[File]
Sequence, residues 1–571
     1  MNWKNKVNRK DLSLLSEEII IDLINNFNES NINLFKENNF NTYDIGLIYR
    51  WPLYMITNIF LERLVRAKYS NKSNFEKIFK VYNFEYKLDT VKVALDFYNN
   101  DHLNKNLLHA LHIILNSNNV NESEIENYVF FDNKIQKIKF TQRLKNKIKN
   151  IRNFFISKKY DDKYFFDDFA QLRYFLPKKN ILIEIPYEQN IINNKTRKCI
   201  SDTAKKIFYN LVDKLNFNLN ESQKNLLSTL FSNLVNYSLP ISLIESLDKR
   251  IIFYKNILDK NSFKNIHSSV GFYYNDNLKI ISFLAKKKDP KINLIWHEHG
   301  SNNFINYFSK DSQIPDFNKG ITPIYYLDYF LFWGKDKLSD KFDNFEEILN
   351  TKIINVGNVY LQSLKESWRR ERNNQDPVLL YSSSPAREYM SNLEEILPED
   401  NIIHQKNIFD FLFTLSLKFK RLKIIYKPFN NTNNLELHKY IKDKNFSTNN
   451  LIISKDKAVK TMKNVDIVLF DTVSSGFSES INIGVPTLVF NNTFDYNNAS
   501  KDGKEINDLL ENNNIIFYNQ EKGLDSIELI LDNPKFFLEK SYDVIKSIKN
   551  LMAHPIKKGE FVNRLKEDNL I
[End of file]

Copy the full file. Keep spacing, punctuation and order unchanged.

Sequence, residues 1–571
     1  MNWKNKVNRK DLSLLSEEII IDLINNFNES NINLFKENNF NTYDIGLIYR
    51  WPLYMITNIF LERLVRAKYS NKSNFEKIFK VYNFEYKLDT VKVALDFYNN
   101  DHLNKNLLHA LHIILNSNNV NESEIENYVF FDNKIQKIKF TQRLKNKIKN
   151  IRNFFISKKY DDKYFFDDFA QLRYFLPKKN ILIEIPYEQN IINNKTRKCI
   201  SDTAKKIFYN LVDKLNFNLN ESQKNLLSTL FSNLVNYSLP ISLIESLDKR
   251  IIFYKNILDK NSFKNIHSSV GFYYNDNLKI ISFLAKKKDP KINLIWHEHG
   301  SNNFINYFSK DSQIPDFNKG ITPIYYLDYF LFWGKDKLSD KFDNFEEILN
   351  TKIINVGNVY LQSLKESWRR ERNNQDPVLL YSSSPAREYM SNLEEILPED
   401  NIIHQKNIFD FLFTLSLKFK RLKIIYKPFN NTNNLELHKY IKDKNFSTNN
   451  LIISKDKAVK TMKNVDIVLF DTVSSGFSES INIGVPTLVF NNTFDYNNAS
   501  KDGKEINDLL ENNNIIFYNQ EKGLDSIELI LDNPKFFLEK SYDVIKSIKN
   551  LMAHPIKKGE FVNRLKEDNL I